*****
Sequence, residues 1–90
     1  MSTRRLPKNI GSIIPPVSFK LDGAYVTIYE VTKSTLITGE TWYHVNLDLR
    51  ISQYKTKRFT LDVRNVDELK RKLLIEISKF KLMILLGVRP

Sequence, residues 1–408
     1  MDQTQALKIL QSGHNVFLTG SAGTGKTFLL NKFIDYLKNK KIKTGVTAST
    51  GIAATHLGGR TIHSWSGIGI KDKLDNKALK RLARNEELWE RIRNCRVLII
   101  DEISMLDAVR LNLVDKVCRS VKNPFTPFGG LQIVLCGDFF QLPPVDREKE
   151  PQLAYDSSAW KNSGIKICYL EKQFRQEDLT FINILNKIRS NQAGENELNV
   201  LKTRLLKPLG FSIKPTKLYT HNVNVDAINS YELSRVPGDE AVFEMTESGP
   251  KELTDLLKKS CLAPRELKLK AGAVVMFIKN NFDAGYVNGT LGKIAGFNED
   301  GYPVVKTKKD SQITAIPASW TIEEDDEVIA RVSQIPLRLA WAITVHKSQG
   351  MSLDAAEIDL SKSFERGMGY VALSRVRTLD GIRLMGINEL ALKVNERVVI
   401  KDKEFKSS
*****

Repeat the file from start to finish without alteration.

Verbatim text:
Sequence, residues 1–90
     1  MSTRRLPKNI GSIIPPVSFK LDGAYVTIYE VTKSTLITGE TWYHVNLDLR
    51  ISQYKTKRFT LDVRNVDELK RKLLIEISKF KLMILLGVRP

Sequence, residues 1–408
     1  MDQTQALKIL QSGHNVFLTG SAGTGKTFLL NKFIDYLKNK KIKTGVTAST
    51  GIAATHLGGR TIHSWSGIGI KDKLDNKALK RLARNEELWE RIRNCRVLII
   101  DEISMLDAVR LNLVDKVCRS VKNPFTPFGG LQIVLCGDFF QLPPVDREKE
   151  PQLAYDSSAW KNSGIKICYL EKQFRQEDLT FINILNKIRS NQAGENELNV
   201  LKTRLLKPLG FSIKPTKLYT HNVNVDAINS YELSRVPGDE AVFEMTESGP
   251  KELTDLLKKS CLAPRELKLK AGAVVMFIKN NFDAGYVNGT LGKIAGFNED
   301  GYPVVKTKKD SQITAIPASW TIEEDDEVIA RVSQIPLRLA WAITVHKSQG
   351  MSLDAAEIDL SKSFERGMGY VALSRVRTLD GIRLMGINEL ALKVNERVVI
   401  KDKEFKSS